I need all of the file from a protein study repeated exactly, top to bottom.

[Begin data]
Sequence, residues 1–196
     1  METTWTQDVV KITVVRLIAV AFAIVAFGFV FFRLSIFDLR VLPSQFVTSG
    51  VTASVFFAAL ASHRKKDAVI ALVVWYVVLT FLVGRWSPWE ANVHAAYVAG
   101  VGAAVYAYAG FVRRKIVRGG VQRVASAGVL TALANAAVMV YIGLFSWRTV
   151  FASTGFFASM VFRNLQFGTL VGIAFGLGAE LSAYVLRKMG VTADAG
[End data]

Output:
Sequence, residues 1–196
     1  METTWTQDVV KITVVRLIAV AFAIVAFGFV FFRLSIFDLR VLPSQFVTSG
    51  VTASVFFAAL ASHRKKDAVI ALVVWYVVLT FLVGRWSPWE ANVHAAYVAG
   101  VGAAVYAYAG FVRRKIVRGG VQRVASAGVL TALANAAVMV YIGLFSWRTV
   151  FASTGFFASM VFRNLQFGTL VGIAFGLGAE LSAYVLRKMG VTADAG